Gay, bisexual and other men who have sex with men continue to have disproportionately high burdens of HIV infection in countries of low, middle and high income around the world, a new study led by the Johns Hopkins Bloomberg School of Public Health suggests.
The findings, published July 9 in The Lancet, come four years after the same group of researchers issued a call to action, laying out an ambitious plan to curtail HIV epidemics in gay men, setting targets for policy reform, funding and improvement in effective HIV prevention and treatment services, including expanded access to pre-exposure prophylaxis (PrEP) which has been highly effective in dramatically reducing transmission among this population.
"While HIV rates have flattened overall in recent years, we're really concerned that the HIV epidemic is continuing among gay men and we're going in the wrong direction," says study leader Chris Beyrer, MD, MPH, the Desmond M. Tutu Professor of Public Health and Human Rights at the Bloomberg School and president of the International AIDS Society. "It's a tragic situation and it's painful that the history of AIDS is looking like its future, but that's actually where we are. But the first step in taking on a problem is recognizing and articulating it and we've really done that here."
Beyrer will oversee the 21st annual International AIDS Conference from July 18 through 22 in Durban, South Africa where failure to meet the needs of gay men will be one of many topics.
HIV is no longer the death sentence it once was and many are living long lives with the virus carefully controlled with antiretroviral treatment. But while new HIV infection rates are falling among heterosexual men and women in many countries, that is not the case with gay men.
For their study, Beyrer and his colleagues analyzed published medical research from January 2007 through October 2015, to identify which elements of their call to action from 2012 had been achieved. They found a few successes. A new $100 million investment fund from the U.S. President's Emergency Plan for AIDS Relief (PEPFAR) has been set up for key populations affected by the virus, including gay and other men who have sex with men. Several nations have either approved or initiated PrEP projects to facilitate its use by gay men after research studies have proven its effectiveness in preventing HIV infection.
But for the most part, Beyrer says, the failure to get PrEP to the people who need it most --those who are HIV negative and are at high risk of infection -- and the backsliding in terms of civil liberties for the gay community in nations such as Russia, Nigeria and Uganda have contributed to the continued high HIV rates among gay men. The U.S. Centers for Disease Control and Prevention, for example, estimated that in the United States a 20-year-old gay black man has a 50 percent chance of becoming infected with HIV in his lifetime.
While PrEP is available in the United States, Beyrer says it is accessible only when people have health insurance to pay for it, and there are real racial and economic disparities when it comes to who actually gets it. Beyrer says in low-income, predominantly minority communities -- particularly in the South, where in most states Medicaid has not been expanded to provide wider health coverage -- epidemics continue. He says the United Kingdom refuses so far to cover PrEP, despite evidence of its effectiveness.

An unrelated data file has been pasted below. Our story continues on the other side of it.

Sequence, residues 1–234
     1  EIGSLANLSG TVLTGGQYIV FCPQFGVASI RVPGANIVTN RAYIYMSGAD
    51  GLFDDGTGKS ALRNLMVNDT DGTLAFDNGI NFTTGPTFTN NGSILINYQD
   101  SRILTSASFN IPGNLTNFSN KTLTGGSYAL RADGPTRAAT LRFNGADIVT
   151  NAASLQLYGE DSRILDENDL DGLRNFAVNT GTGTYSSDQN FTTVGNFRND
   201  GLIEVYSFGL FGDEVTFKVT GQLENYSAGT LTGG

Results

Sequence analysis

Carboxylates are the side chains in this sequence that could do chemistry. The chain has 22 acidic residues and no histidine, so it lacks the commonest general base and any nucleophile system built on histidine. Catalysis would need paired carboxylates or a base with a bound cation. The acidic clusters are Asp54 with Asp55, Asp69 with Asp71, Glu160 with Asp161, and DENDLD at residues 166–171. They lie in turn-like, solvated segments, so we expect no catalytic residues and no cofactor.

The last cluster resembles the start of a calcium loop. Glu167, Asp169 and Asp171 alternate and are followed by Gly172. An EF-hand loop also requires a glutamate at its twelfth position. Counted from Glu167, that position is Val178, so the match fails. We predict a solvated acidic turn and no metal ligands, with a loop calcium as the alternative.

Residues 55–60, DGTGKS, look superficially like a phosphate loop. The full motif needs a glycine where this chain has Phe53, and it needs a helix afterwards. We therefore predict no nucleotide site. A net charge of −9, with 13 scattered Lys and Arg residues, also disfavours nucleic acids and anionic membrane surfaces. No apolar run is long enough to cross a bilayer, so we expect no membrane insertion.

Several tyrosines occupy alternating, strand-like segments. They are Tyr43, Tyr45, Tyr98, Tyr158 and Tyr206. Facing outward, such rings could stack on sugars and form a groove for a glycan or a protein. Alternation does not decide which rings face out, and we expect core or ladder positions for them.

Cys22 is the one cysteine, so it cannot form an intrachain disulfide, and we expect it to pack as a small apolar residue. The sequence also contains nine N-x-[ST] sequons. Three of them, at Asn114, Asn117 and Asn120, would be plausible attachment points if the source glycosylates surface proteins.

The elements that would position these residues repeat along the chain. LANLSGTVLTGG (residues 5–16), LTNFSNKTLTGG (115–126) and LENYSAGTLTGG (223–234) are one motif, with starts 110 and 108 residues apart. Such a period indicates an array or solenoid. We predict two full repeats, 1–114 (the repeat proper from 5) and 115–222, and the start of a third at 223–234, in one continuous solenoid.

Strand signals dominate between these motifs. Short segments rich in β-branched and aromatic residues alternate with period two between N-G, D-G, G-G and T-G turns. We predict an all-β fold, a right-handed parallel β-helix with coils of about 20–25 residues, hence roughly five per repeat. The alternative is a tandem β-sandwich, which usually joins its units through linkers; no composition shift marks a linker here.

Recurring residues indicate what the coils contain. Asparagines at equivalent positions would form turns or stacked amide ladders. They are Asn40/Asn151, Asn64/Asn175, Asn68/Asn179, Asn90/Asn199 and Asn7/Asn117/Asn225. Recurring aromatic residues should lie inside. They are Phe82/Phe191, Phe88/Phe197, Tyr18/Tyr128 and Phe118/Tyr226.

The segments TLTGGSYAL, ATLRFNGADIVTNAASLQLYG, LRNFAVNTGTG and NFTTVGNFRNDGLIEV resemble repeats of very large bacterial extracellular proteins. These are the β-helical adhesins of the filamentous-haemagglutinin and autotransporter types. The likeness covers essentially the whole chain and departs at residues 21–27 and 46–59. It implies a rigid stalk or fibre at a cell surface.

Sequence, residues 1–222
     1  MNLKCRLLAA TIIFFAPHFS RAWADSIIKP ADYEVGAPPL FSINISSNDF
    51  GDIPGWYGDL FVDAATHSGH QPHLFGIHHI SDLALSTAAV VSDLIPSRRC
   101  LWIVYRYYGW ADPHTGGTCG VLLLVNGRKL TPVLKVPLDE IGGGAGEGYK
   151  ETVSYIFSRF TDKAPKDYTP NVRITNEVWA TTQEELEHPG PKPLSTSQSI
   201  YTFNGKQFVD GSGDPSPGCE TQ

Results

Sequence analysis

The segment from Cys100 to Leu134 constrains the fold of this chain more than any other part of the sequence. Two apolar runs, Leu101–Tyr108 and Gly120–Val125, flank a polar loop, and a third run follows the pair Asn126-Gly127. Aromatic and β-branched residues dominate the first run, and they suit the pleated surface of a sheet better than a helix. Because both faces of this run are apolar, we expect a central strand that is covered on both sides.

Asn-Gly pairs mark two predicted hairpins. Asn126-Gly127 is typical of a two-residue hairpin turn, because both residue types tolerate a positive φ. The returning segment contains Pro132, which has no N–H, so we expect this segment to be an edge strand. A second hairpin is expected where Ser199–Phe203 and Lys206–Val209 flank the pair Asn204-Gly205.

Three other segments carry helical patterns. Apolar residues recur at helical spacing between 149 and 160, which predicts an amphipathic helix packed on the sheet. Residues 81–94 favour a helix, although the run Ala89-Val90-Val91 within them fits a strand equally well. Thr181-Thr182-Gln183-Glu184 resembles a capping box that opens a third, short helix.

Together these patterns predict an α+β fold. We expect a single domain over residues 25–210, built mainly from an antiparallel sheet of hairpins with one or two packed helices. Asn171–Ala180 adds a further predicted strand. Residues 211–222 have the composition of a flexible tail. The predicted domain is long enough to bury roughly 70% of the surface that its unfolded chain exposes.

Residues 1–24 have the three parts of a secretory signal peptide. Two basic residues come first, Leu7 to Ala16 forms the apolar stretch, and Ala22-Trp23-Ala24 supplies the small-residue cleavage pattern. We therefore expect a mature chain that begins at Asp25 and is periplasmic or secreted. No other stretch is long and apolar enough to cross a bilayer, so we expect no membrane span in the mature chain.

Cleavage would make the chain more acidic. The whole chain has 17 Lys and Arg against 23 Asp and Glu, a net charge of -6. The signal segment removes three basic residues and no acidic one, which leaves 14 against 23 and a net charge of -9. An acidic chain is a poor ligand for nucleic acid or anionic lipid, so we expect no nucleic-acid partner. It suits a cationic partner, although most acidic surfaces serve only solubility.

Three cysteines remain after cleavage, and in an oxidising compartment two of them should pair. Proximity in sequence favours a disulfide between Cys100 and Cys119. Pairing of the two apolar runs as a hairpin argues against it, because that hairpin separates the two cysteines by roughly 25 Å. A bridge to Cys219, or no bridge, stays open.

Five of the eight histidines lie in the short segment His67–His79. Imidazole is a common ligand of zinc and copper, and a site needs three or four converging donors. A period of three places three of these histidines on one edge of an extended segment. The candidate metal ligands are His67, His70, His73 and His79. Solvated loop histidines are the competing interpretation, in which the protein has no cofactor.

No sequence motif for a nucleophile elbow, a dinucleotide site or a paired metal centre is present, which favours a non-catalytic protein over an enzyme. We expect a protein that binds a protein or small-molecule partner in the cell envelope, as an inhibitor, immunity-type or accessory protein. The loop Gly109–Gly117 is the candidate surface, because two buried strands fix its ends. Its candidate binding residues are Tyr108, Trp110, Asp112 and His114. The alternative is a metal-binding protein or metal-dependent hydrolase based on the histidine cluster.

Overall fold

And despite its availability in poor nations for pennies on the dollar, Beyrer says often the politics of providing medical care to gay men are difficult in many countries. While many nations have made great strides in the past four years in terms of gay marriage, in other nations sodomy remains a crime and other discriminatory policies remain in place, making even getting tested for HIV a potentially dangerous ordeal. In Russia, for example, HIV information websites have even been shut down in the wake of new propaganda laws.
He points to a case in Malawi where a man being tested for sexually transmitted diseases was arrested after it was clear he contracted the infection from another man, frightening other gay men away from being screened for HIV and other infections.
"Stigma and discrimination continue to play a very big role in these epidemics," Beyrer says. "In many countries, these men are just not welcome in health clinics and the fear of discrimination stands in the way of not only treatment, but even just the testing that can go a long way toward stemming the spread of disease."
Beyrer sees some good news on the horizon. He expects Mexico and other nations such as Argentina and the Netherlands to expand the use of PrEP. He says he hopes to see some nations repeal their anti-gay laws.
"The global epidemic of HIV in gay men is ongoing and efforts to address it remain insufficient," he says. "This must change if we are ever to ever truly achieve an AIDS-free generation."
Materials provided by Johns Hopkins University Bloomberg School of Public Health. Note: Content may be edited for style and length.
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